by Satish Sekar © Satish Sekar (August 11th 2010)
England captain Steven Gerrard said that he had considered quitting after the World Cup, but under-fire manager Fabio Capello had cause to be grateful that he didn’t as the Liverpool skipper salvaged national pride with a second half brace and an injection of quality that had been sadly lacking from a largely forgettable first half.
“Always the same,” Fabio Capello said responding to the suggestion that Gerrard’s performance had saved him from the wrath of the fans. “When we score we are good, when we lose we are nothing. I think it’s not for my reputation, but we need to be together.”
There was no shortage of incident in a much improved second half. With just over an hour an exquisite pass from Ipswich Town’s Tamás Priskin found new skipper Zoltán Gera in space on the left flank. Hungary’s new captain playing his first match for his country since being axed by former coach Erwin Koeman ten moths ago cut into the area and crossed.
Everton defender Phil Jagielka, one of the few England players to impress in a dreadful first half, was unfortunate to divert it past Manchester City’s keeper Joe Hart. However, Michael Dawson slid across and hooked it away. The whole of the ball had not crossed the line. It should not have been given as a goal but assistant referee Fredji Harchay got that one wrong.
England’s new boys were heartily cheered while the World Cup flops were loudly jeered. “I’m happy with the new players,” said England’s manager. “We found something new. It’s very important.”
Wayne Rooney thought he had silenced the critics on three minutes, but Harchay had other ideas, rightly flagging the Manchester United striker for offside. New cap Adam Johnson was presented with the perfect opportunity to open his account but wasted the opportunity provided by Theo Walcott, after an interchange of crisp short passes involving Steven Gerrard and Glenn Johnson as wellcreated the space for Walcott to fashion a good chance. Manchester City’s midfielder blazed well over from 10 yards out.
England created more chances, but lacked cutting edge. As the half hour approached, the Hungarians, who had not won in their last four matches began to gain ambition. Balázs Dzsudzsák was at the heart of their moments before Gergely Rudolf found Gera, whose effort from just outside the box was weak.
It took 33 minutes for England to mount a significant threat. Steven Gerrard’s free-kick from the left -wing curled and dipped viciously, requiring an excellent save from 1860 München goalkeeper Gábor Király at the expense of a corner, which he came and collected with authority. A poor half ended in boos for the hosts and deservedly so.
A New Dawn
The changes were rung in. “The new players, play with good confidence,” Capello said. Bobby Zamora and Ashley Young made their appearance, eager to impress. Gerrard soon got on the end of Young’s fine work, but couldn’t beat the commanding Király. Sándor Egervári made three changes.
The long-term plan was to build a team around last year’s Under-20 team that finished third in Egypt for the World Cup in Brasil in 2014. They lost to eventual champions Ghana. Egervári was their coach, yet only member of that squad – the captain Vladimr Koman – made Egervári’s first team sheet. Why?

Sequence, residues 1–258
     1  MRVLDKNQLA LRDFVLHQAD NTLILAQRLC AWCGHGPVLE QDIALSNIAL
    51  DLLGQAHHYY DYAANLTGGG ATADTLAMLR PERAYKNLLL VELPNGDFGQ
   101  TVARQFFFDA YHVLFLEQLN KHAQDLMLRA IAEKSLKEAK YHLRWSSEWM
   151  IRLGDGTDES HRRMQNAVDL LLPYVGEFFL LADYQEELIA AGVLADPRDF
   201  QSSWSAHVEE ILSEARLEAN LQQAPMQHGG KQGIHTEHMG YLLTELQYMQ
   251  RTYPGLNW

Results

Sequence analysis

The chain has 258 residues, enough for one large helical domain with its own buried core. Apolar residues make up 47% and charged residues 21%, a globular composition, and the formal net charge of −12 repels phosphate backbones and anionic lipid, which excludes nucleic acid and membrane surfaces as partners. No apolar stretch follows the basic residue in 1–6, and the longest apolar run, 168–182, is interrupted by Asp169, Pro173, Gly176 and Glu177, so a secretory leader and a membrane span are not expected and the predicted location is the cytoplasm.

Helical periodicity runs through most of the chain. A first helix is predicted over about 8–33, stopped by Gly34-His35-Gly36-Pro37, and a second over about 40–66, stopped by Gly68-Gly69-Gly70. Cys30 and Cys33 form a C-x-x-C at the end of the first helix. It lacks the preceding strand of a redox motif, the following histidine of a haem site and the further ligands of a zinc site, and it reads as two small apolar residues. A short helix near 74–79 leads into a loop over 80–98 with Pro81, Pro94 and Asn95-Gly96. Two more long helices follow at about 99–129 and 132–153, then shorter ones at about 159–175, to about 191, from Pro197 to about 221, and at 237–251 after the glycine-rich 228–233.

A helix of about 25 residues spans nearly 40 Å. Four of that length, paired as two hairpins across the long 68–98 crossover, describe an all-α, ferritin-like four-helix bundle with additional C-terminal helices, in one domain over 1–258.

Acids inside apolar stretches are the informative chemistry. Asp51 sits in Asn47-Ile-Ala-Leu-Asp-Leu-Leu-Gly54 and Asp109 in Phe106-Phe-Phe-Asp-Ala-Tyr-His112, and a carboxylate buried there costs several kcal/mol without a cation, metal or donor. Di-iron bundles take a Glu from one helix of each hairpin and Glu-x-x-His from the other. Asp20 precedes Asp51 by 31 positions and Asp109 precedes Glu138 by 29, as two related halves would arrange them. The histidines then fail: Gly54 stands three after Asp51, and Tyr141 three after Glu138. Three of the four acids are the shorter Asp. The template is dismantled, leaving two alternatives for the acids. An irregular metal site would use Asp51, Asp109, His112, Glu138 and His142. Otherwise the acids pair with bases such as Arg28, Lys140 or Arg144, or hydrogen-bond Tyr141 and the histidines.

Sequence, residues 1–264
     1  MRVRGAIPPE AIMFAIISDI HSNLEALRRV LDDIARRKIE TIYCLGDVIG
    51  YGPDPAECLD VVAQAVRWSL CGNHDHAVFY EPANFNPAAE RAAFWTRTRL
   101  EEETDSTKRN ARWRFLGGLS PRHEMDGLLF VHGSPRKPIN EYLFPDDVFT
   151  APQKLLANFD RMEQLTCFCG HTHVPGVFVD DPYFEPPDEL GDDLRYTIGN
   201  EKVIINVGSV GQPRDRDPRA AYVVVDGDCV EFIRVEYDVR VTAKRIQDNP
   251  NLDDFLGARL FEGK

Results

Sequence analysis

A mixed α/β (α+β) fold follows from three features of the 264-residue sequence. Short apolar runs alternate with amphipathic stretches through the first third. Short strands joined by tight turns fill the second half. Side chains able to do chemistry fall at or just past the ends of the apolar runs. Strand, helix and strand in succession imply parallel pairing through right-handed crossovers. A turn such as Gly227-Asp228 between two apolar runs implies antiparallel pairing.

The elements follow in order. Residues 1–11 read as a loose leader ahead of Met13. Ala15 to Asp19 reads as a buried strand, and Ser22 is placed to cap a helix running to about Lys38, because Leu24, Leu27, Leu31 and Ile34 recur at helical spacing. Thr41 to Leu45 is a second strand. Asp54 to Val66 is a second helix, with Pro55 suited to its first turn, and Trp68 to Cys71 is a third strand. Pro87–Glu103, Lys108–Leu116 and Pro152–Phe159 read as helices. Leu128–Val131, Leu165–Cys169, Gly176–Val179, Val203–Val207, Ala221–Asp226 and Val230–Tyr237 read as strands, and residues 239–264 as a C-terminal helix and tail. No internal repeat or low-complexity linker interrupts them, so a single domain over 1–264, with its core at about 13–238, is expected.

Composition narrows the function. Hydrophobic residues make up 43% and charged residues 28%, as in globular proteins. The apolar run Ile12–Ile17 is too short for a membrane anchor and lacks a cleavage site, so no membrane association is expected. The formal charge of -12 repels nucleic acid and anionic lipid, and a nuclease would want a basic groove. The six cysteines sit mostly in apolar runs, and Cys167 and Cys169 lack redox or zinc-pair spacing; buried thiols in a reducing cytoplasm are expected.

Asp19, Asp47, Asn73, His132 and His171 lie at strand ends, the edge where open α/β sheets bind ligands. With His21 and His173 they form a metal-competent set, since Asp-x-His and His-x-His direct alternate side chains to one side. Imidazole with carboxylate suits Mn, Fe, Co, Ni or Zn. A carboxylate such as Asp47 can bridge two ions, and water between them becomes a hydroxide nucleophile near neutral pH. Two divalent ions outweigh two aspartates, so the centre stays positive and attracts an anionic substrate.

“Yes they are good players – the Under-20 group, but you have to remember the effect on international teams,” Egervári said. “We brought two of them. You can’t just put in six; you have to bring them in gradually in the future.” The Ukrainian-born midfielder was developed by Samporia but was loaned to Bari last season. He replaced Dzsudzsák.
Hungary took the lead fortuitously in a manner that is certain to fuel demands for the use of technology. The whole of the ball had not crossed the line, but referee Stéphane Lannoy wrongly gave the goal. “You remember what happened with Lampard at the World Cup,” said Capello. “We have to wait more time to put five referees on the pitch or put a new system.”
Gerrard began and ended England’s best move in the 69th minute. His 25-yard shot gave Király no chance – an excellent response to his critics. Three minutes later his fancy footwork brought England to life. Young found Gerrard near the 6-yard box with plenty to do. Neat close touches bamboozled the defence and Gerrard toe-poked magnificently past Király from just inside it.
Zamora came close to a special moment with a 20-yard effort that brushed the top of the net. Jeered at the start of his night Gerrard was cheered off, given a standing ovation after a Man of the Match performance when he was replaced by Jack Wilshere on 82 minutes.
With two minutes of normal time remaining Gera was through on goal with just Hart to beat, but the Manchester City keeper was equal to the task. Zamora thought he had secured a dream début, but his glancing header was clawed away by the still alert Király.
Meanwhile, Capello brought the England career of David Beckham to an abrupt end, preferring to concentrate on youth. He admitted that he had not informed Becham personally. “I think David knows that he has no future at international level, because we have to change,” said Capello. “I have to change everything. I have to look for new players. I have to look for the future.”
The LA Galaxy midfielder issued a statement that he wanted to fight for his place. The manager may be right – in football terms it’s hard to argue – but the manner that Capello broke the news, especially after his brutal axing of Beckham at Real Madrid only to be forced to backtrack later, did him no favours unlike his captain.